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Why banks are gradually embracing PSD2, fintechs and Instant Payments

Why banks are gradually embracing PSD2, fintechs and Instant Payments

Paul Jennekens

Manager Marketing

18 October 2018

Why banks are gradually embracing PSD2, fintechs and Instant Payments

Banks closely monitor how technological innovations are rapidly disrupting the payments landscape. The introduction of Instant Payments, competitive fintechs and the PSD2 regulations have already put the business model of banks under high pressure. The impact of these innovations will only increase in the future as they develop more and more. Liz Oakes, Associate Partner at McKinsey & Company, tells equensWorldline why it is good that banks, partly under pressure from the PSD2, are increasingly seeking cooperation with fintech companies. She also explains how companies are discovering the power of Instant Payments.

Not compliance, but business opportunities

Banks’ attitudes towards PSD2, the legislation that gives third parties access to customer data, have changed dramatically over the last six to nine months. “In the past, banks used to think of compliance when the subject PSD2 came up, now a lot of them think of business opportunities,” explains Oakes. Although, she also indicates that the adaptation of PSD2 varies per bank and per country. The speed in which this payment directive is coming into effect differs per European country. Oakes: “Where banks stand with regard to PSD2 depends on national legislation, the size of the bank and whether they operate cross-borderly, but also on the mindset of the bank.”

With mindset Oakes means the way a bank looks at PSD2 and the related competition from fintech companies. Oaks: “The questions are: do banks see these developments as a threat or an opportunity? Do they just want to be compliant or are they actively looking for new products and ways to create revenue? The days when banks used to see fintech companies primarily as competitors that slowly want to push them out of the payments landscape are over.”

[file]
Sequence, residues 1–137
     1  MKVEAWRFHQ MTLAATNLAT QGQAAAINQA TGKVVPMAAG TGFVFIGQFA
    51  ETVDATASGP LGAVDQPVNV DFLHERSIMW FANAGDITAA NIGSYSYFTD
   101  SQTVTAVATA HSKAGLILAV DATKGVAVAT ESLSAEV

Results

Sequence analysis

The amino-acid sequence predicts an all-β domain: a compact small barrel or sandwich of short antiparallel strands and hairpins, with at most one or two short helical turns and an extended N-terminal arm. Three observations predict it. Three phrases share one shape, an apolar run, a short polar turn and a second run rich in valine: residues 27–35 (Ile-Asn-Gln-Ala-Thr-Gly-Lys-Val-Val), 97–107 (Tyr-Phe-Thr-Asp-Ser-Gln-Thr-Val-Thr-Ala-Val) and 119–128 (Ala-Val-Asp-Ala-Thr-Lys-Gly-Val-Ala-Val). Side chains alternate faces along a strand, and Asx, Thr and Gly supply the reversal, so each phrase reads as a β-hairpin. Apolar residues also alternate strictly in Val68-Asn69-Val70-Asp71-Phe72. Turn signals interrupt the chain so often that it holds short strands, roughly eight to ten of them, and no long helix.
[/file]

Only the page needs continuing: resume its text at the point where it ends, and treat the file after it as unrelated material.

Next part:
Banks and fintechs need each other

According to Oakes, banks now see that they need fintechs in the battle for the consumer. “The difficulty for many banks is that they are not used to a culture in which trial and error is normal, as is the case in, for example, the engineering industry. In the past, a bank could not easily test and fail, because this would have been at the expense of customers' money. That is why it is beneficial for the banking world to collaborate with fintechs, or even acquire them. Fintechs, on their turn, have also noticed that growing their customer base is a true challenge without partnering with an entrusted company, such as a bank. Fintechs can benefit of the reputation and established way of working that banks have built over a long period of time.”

Oaks hopes that cooperation will not only lead to mobile payment solutions, but also lead to real breakthroughs in the payment world. “You can see that banks and fintechs are focusing on payment solutions via mobile phones. Mobile phones are mainly owned by younger generations that can already manage themselves, right? But does this also apply to the more vulnerable people in our society? For example, how do you help an elderly home-bound person to organise his or her life as effectively as possible? I find that more important issues.”

Oakes cannot advise on a generic, ultimate way for banks to adapt to PSD2 or to enter into collaboration with fintechs. “This adaptation process differs per bank and also depends on its corporate goals and culture. If the infrastructure is outdated, it is probably best for a bank to go for a defensive strategy and to meet the legal requirements. If a bank wants to explore further and, for example, increase its market share, it might be best to go for an offensive strategy, which also leads to more investments. A bank can also outsource certain parts, as this can minimize investment costs and also give flexibility.”

Instant Payments are gaining momentum

PSD2 and the rise of fintechs are not the only developments that are currently underway, because the technological innovations follow each other at a rapid pace. Instant Payments, for example, will become increasingly established in the payments industry. Oakes: “From a corporate point of view, Instant Payments fulfil new customer demands. Banks and insurance companies, for example, can benefit majorly from Instant Payments.”

Oaks does mention a critical side note: “We do need to admit that it’s not essential for every payment to be processed instantly, so it’s important to find out in which situations and for which organisations Instant Payments are most beneficial.” She gives an example: “Many employers and employees are, for example, satisfied with paying and receiving salaries in the way they do now, at the end of the month. But, think of the payment of an insurance claim after a natural disaster. At that moment, victims need to receive the money immediately.”

Although this is just one example, Oakes is convinced that there are many more situations alike. “Instant Payments are gaining momentum, especially now that banks are reconsidering their infrastructure and the corporate side is discovering what they can do with this rapid payment technology.”